• Proper Documentation: Regardless of whether your employee is giving birth to the child, is adopting, or is the father, you want to be sure you are consistent in your application of the policy and any documentation required (e.g., leave request form). Proper documentation will help eliminate confusion on both ends.

D.  Employer Takeaway

A federal paid family leave law, while often discussed, is unlikely to pass Congress in the immediate future.  That’s one reason that state paid family leave laws have started to proliferate.  But even if the state where your company is located does not require some type of paid family leave, chances are reasonably good it may in the not-too-distant future.  At a minimum, companies should begin doing preliminary planning and cost analysis so that they are prepared should their state adopt a paid family leave law.  That way also, should your company decide it wants to join many other employers and enact a paid family leave program on its own to stay competitive in the market, the preliminary groundwork is already done.

C2 provides strategic HR outsourcing to clients who want to develop optimal workforce strategies and solutions to allow them to be more competitive and profitable. C2 blog posts are intended for educational and informational purposes only.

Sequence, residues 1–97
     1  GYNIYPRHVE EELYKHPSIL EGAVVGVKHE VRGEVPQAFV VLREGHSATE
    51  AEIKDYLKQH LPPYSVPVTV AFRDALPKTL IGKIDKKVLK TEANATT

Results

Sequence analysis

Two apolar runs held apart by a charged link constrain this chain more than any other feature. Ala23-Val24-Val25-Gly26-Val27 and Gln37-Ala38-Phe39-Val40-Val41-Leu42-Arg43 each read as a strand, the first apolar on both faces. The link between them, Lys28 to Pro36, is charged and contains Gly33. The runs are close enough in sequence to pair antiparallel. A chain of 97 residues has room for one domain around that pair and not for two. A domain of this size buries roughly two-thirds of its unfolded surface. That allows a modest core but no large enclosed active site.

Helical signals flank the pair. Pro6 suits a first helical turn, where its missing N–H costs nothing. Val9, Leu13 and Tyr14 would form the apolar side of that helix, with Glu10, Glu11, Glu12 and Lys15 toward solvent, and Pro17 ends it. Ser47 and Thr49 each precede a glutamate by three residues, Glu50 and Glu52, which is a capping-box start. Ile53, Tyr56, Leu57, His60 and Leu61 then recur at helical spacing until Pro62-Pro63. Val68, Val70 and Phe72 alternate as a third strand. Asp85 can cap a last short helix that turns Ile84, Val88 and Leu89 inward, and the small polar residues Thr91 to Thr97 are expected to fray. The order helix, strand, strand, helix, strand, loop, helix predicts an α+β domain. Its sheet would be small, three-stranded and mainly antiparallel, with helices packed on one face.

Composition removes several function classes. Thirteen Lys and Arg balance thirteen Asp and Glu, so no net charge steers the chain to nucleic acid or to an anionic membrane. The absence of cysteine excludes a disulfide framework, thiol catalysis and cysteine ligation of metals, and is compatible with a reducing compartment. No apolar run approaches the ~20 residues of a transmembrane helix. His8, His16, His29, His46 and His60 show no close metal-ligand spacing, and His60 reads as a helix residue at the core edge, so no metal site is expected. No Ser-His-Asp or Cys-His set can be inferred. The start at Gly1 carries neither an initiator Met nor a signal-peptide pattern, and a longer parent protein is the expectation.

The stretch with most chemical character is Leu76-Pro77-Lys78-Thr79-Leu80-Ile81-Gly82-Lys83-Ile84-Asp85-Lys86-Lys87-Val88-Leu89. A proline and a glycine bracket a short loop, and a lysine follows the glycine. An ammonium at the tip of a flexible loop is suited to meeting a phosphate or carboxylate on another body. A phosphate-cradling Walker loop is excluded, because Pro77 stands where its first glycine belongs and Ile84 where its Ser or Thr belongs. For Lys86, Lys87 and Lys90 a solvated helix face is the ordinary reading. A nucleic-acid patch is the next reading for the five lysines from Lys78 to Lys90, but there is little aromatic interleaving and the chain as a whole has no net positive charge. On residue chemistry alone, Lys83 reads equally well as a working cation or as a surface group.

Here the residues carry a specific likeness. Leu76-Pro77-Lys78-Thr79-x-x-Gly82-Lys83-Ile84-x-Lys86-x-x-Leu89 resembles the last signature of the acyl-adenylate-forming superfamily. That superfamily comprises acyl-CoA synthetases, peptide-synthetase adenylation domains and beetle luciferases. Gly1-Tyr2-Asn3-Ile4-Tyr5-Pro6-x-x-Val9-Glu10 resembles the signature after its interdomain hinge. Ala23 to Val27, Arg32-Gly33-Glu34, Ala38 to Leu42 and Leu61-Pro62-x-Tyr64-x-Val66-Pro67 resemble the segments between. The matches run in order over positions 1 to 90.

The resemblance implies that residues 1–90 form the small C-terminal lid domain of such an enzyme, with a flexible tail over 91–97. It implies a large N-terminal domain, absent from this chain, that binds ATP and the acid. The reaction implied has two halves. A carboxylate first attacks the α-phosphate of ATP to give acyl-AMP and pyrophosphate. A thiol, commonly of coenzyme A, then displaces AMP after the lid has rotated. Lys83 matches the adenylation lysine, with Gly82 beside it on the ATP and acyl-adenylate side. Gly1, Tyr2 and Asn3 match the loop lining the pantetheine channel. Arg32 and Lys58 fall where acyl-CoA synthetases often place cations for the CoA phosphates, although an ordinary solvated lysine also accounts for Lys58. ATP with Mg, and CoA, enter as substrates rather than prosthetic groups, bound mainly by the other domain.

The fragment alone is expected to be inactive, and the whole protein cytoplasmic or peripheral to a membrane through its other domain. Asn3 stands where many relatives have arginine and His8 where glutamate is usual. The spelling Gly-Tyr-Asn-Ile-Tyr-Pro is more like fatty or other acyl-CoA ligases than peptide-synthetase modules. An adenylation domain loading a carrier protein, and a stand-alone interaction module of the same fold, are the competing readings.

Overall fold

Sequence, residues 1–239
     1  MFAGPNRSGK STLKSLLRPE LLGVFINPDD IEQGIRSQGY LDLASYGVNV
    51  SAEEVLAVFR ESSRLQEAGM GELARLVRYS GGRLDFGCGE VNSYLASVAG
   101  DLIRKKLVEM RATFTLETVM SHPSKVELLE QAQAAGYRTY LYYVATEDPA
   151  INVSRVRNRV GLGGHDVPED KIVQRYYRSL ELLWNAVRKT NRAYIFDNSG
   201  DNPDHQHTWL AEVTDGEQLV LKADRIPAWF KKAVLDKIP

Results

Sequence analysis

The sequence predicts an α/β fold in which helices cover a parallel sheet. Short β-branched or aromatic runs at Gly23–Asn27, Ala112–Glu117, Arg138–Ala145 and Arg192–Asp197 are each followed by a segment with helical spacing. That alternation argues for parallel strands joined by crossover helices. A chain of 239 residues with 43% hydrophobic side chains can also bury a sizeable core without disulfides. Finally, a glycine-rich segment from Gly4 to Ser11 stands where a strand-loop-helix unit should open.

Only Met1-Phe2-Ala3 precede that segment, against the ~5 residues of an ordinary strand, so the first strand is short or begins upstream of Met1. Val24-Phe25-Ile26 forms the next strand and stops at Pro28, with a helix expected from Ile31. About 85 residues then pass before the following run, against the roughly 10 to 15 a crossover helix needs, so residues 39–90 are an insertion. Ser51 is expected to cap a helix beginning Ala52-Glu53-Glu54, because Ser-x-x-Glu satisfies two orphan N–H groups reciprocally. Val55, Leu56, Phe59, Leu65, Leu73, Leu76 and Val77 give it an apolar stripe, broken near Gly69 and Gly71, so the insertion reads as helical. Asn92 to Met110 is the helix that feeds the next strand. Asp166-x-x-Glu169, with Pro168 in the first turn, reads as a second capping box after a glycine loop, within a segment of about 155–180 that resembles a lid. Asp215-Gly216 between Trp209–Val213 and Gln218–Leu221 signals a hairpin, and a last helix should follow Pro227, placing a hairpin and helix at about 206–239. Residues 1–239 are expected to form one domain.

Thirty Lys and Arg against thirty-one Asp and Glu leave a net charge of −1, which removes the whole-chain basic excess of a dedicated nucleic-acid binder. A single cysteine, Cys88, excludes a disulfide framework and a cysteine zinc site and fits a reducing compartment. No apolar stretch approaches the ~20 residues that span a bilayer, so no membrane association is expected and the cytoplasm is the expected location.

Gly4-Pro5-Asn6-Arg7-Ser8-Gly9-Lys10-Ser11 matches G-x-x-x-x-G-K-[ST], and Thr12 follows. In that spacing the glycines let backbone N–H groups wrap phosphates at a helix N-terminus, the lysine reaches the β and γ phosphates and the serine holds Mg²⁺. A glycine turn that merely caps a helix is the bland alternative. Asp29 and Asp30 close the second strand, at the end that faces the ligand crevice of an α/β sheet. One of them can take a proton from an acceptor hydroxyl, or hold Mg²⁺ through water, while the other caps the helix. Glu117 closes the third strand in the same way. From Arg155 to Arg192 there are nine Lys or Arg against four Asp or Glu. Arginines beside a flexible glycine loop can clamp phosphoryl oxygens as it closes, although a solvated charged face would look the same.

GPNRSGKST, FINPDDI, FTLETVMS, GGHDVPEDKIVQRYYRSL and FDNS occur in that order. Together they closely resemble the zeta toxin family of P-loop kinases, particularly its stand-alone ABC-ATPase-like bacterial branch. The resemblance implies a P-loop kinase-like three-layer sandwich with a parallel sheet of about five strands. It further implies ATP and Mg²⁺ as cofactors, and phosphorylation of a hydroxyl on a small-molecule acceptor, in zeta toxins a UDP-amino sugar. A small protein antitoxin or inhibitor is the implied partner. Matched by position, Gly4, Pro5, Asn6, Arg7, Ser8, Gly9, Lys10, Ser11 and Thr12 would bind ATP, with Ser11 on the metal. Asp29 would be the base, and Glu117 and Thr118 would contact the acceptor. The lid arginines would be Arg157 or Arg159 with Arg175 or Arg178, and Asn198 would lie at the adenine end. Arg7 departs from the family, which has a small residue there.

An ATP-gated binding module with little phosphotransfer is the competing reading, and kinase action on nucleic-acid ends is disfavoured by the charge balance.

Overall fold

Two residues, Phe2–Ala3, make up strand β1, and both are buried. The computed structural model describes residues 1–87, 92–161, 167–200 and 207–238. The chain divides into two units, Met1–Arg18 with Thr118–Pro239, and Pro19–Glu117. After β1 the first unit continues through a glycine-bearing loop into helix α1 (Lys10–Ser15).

Overcoming New-Hire Boredom at Work

Newly hired employees can become bored, disengaged and less productive if you do not take proactive steps to challenge them from the start. The first several weeks in a new job can often be spent completing forms, learning company practices, software systems, and co-worker names – all while getting introduced (slowly) to the duties of your role. Some employees get through this process just fine, while others get bored and sometimes frustrated that they are not immediately bestowed with all of the responsibilities for which they were hired.

One of C2’s professional employer organization (“PEO”) clients recently called to ask for suggestions on how to handle five new hires who seemed to be growing restless that their introduction to the company and accompanying training was taking so long. There are no easy answers here, since most companies today have varying degrees of “onboarding” and training that must take place before an employee can start spending most of his or her day on substantive projects. However, being proactive about integrating new hires into your company culture while maintaining an emphasis on the job duties for which they were hired can help bridge that initial gap of monotony until the company is ready for them to put their skills to substantive good use on a daily basis.
For all the resources spent trying to recruit the best candidates, here are a few ways to increase productivity and keep new hires engaged during that introductory period.


A. New Equipment